In FY 2017 the federal government spent over $300 billion on common goods and services. Realizing the need to eliminate wasteful spending and reduce unnecessary contract duplication, the government has taken on initiatives in the past few years to increase the use of common contract solutions and promote best practices.

At present 58% of governmental spending is considered “unmanaged” – that is, it happens in a decentralized manner and does not conform to the principles of category management. Statistics like this reveal unrealized savings and highlight the need for a greater priority to be placed on the concerted effort toward a collaborative buying approach at all levels of the government. Agencies that are able to make purchases based on shared intelligence and are consistent with the federal enterprise model will reduce costs and realize savings.

OMB is signaling that Category Management needs to move from a best practice in the federal government to more of a standard operating procedure across all agencies.

However, unless Category Management is viewed as the value-add tool it can be, there is a risk it will be perceived as a burden by the Acquisition and Program communities.  Therefore, it is important that agencies implement Category Management in a manner that sets target goals and implementation plans with a look toward the future and a focus on sustainable value-add such as savings and workload reduction.  To define Best In Class (BIC) and Spend Under Management (SUM) goals in a value-add manner, agencies should:

Forecast Future Requirements Rather than Build Goals From Historical Spending

  • Build an Acquisition Forecast: Rather than setting arbitrary Best in Class (BIC) and Spend Under Management (SUM) goals based on an assumed growth from prior years, each agency should set targets based on an assessment of forecasted future contractual requirements. In other words, agencies need to move beyond looking at historical data to gain a perspective on the requirements across the enterprise and accurately project what they will procure in the coming years.
  • Start with the Acquisition Forecast: Ideally, agencies should leverage an established acquisition forecast process at the agency or ‘bureau’ levels. It’s highly important that this process be collaborative and that the resulting intelligence be shared for the benefit of all employees with purchasing powers at all levels of the agency.
  • Use Historical Data: To supplement, or if a forecast does not exist, a combination of analysis of historical requirements and program interviews will provide a high-level plan for upcoming acquisitions. Collecting accurate data from all sources will enable the agency to gain a comprehensive view of its procurement environment.

 

Build Understanding of Best In Class (BIC) Contracts and Their Benefits

  • Understand the BICs: Develop an organizational comprehension of the Best in Class contracts, their scopes, and their limitations. More and more federal contracts are being designated as such, and it’s imperative that agencies have procurement professionals who can stay abreast of these developments, effectively communicate with colleagues regarding the appropriate use of BIC contracts, and champion their utilization as purchasing vehicles on an ongoing basis.
  • Define BIC Value: Ensure the value of BICs is understood by both Programs and Contracting. While some in agencies understand their value, this knowledge needs to be shared and reinforced so that BIC contracts are more top-of-mind for both procurement and others in the agency. The value of BIC contracts needs to be shared in terms of savings and process streamlining opportunities.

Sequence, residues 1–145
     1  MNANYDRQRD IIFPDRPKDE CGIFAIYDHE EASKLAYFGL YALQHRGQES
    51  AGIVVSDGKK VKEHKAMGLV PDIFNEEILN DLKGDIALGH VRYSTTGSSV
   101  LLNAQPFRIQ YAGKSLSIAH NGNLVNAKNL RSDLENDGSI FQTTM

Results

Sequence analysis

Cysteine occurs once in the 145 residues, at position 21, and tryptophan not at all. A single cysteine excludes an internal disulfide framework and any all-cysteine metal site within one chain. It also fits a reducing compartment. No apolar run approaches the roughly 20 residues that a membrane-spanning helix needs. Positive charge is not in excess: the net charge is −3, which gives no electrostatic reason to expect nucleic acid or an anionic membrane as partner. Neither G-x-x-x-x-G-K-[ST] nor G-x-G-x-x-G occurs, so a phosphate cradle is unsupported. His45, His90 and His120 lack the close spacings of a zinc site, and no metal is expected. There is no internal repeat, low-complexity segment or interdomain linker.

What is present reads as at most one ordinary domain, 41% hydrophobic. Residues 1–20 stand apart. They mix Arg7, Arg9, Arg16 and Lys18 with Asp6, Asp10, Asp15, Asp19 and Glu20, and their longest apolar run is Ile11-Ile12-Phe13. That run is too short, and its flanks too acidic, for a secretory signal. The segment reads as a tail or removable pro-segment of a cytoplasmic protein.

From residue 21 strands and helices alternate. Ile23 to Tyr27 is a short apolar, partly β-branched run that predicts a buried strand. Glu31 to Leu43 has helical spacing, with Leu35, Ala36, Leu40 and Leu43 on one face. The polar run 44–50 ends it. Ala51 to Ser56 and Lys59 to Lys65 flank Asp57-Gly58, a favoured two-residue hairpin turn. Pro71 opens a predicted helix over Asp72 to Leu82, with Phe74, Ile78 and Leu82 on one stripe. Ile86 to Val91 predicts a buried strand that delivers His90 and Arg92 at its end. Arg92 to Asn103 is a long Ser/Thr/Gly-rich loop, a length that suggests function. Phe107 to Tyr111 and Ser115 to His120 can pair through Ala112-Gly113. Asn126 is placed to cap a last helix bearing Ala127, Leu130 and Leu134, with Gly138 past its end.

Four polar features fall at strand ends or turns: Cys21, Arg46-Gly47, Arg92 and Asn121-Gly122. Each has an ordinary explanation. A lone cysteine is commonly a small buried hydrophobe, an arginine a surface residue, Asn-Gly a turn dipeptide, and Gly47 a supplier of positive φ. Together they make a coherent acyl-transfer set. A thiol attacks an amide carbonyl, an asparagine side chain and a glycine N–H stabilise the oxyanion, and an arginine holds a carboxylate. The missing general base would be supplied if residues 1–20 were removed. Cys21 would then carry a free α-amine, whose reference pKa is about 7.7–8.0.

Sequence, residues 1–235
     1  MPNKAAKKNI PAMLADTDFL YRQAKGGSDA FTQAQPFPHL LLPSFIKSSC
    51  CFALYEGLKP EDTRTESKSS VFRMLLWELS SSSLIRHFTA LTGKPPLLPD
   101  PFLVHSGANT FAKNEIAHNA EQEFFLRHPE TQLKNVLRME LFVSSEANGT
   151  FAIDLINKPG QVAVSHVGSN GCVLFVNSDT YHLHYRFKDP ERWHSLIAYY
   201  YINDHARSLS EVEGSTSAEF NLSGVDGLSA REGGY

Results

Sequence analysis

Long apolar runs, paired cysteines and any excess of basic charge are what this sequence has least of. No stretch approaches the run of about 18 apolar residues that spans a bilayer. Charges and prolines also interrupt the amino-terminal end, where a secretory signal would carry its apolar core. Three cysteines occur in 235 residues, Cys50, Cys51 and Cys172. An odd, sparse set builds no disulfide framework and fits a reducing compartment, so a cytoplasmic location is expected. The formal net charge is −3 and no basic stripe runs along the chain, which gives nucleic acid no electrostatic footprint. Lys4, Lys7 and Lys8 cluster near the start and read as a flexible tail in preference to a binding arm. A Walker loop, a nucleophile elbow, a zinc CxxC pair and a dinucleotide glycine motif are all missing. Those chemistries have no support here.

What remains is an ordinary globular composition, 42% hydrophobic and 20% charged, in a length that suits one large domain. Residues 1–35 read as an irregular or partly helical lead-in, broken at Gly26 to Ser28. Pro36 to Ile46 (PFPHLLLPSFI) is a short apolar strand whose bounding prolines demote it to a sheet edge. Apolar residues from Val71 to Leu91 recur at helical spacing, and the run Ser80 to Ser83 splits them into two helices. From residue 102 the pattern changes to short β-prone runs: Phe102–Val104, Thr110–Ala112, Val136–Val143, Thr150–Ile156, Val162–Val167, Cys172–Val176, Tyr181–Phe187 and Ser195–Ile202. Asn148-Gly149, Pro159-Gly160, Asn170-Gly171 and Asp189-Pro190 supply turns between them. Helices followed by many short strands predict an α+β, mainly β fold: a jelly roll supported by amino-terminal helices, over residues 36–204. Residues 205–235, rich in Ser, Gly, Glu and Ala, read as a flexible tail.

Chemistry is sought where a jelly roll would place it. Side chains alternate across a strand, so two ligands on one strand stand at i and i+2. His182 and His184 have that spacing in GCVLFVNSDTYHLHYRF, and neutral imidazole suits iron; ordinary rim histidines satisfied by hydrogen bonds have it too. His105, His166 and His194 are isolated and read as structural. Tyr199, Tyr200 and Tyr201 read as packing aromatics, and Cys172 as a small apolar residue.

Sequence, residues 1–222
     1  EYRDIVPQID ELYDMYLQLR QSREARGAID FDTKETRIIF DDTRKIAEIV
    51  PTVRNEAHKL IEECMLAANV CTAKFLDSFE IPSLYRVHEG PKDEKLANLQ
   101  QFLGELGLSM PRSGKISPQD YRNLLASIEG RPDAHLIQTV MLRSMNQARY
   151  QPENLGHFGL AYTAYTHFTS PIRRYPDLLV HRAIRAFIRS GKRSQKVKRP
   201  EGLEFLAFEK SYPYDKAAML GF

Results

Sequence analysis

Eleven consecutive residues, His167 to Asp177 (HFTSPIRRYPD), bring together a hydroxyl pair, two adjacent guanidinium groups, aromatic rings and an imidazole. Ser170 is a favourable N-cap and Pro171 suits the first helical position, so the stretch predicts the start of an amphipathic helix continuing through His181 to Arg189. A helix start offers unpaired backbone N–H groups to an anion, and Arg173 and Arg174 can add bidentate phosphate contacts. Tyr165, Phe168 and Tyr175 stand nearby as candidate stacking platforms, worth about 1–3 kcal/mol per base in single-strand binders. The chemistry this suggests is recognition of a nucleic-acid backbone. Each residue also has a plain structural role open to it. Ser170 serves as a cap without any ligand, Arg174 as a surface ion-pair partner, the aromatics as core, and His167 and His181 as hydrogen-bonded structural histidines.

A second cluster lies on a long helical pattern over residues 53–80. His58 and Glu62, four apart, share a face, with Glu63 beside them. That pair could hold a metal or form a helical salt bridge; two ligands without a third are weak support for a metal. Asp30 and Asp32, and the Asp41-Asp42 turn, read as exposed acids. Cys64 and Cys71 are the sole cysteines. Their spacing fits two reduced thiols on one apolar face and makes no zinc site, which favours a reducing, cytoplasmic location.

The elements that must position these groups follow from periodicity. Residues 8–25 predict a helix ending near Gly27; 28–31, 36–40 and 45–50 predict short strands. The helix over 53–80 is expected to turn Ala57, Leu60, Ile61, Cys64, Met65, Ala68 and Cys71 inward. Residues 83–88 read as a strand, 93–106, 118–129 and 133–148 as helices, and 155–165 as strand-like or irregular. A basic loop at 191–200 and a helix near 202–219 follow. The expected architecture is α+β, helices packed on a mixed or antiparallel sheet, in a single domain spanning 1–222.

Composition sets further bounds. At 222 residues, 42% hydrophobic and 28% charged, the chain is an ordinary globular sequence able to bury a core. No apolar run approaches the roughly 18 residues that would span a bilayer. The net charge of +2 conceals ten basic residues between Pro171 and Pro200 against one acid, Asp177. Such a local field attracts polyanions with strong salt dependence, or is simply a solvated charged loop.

• Train the organization: Contracting decisions are ultimately made on the ground.  Make sure Contracting Officers have a thorough knowledge of the government-wide contracts available to them and a comfort in utilizing these purchasing vehicles. Training should ensure that these employees understand what their options are so they can make informed decisions.

 

Set Goals and Plans Based on Actionable Insights

  • Identify BIC Candidates: Assess upcoming requirements to determine whether they are appropriate for BIC.  The value in BIC contracts is best realized in requirements that are common across the government. Making BIC a part of day-to-day discussions will put agencies in a position to take a step back and look at the bigger picture.
  • Plan for Spend Under Management: All contracting should be managed, but not everything is appropriate for BIC.  For requirements not appropriate for BIC, understand what it will take to bring them ‘Under Management’ – data analysis, information sharing across the agency, and use of metrics that are defined, tracked, and publicized.
  • Monitor & Analyze: Identify trends and lessons learned to continually help the organization to learn and adopt category management principles and best practices and the use of data analytics tools. These efforts should be done on a frequent and ongoing basis so that this process becomes a part of the very fiber of an agency.

 

In summary, it’s the lack of a comprehensive view of purchases at an enterprise level and the lack of a consolidated understanding of the value of BIC contracts that are proving to be challenges for agencies. Agencies need to take steps to better understand their purchasing requirements and build goals based on realistic assessments of future needs. Communication, collaboration, training, and the sharing of intelligence are keys to ongoing success.

If you are interested in receiving more details on how Censeo Consulting can help your organization implement category management principles and best practices, contact us today to schedule a consultation.